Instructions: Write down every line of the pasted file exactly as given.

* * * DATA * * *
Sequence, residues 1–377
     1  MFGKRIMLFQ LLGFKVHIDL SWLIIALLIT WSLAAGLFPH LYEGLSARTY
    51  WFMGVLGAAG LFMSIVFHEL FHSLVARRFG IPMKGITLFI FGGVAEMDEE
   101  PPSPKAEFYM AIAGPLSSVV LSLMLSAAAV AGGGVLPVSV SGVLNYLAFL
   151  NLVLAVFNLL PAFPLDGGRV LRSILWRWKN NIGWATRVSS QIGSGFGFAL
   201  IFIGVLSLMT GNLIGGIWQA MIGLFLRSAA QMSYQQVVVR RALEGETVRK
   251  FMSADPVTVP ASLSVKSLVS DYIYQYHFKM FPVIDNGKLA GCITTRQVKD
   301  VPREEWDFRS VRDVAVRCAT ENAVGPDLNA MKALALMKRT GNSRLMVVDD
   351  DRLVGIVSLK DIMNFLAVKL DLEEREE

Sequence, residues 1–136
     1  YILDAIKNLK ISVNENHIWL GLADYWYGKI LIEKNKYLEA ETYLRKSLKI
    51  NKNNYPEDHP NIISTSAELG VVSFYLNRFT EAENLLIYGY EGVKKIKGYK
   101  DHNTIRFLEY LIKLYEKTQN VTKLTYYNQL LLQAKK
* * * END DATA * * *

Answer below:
Sequence, residues 1–377
     1  MFGKRIMLFQ LLGFKVHIDL SWLIIALLIT WSLAAGLFPH LYEGLSARTY
    51  WFMGVLGAAG LFMSIVFHEL FHSLVARRFG IPMKGITLFI FGGVAEMDEE
   101  PPSPKAEFYM AIAGPLSSVV LSLMLSAAAV AGGGVLPVSV SGVLNYLAFL
   151  NLVLAVFNLL PAFPLDGGRV LRSILWRWKN NIGWATRVSS QIGSGFGFAL
   201  IFIGVLSLMT GNLIGGIWQA MIGLFLRSAA QMSYQQVVVR RALEGETVRK
   251  FMSADPVTVP ASLSVKSLVS DYIYQYHFKM FPVIDNGKLA GCITTRQVKD
   301  VPREEWDFRS VRDVAVRCAT ENAVGPDLNA MKALALMKRT GNSRLMVVDD
   351  DRLVGIVSLK DIMNFLAVKL DLEEREE

Sequence, residues 1–136
     1  YILDAIKNLK ISVNENHIWL GLADYWYGKI LIEKNKYLEA ETYLRKSLKI
    51  NKNNYPEDHP NIISTSAELG VVSFYLNRFT EAENLLIYGY EGVKKIKGYK
   101  DHNTIRFLEY LIKLYEKTQN VTKLTYYNQL LLQAKK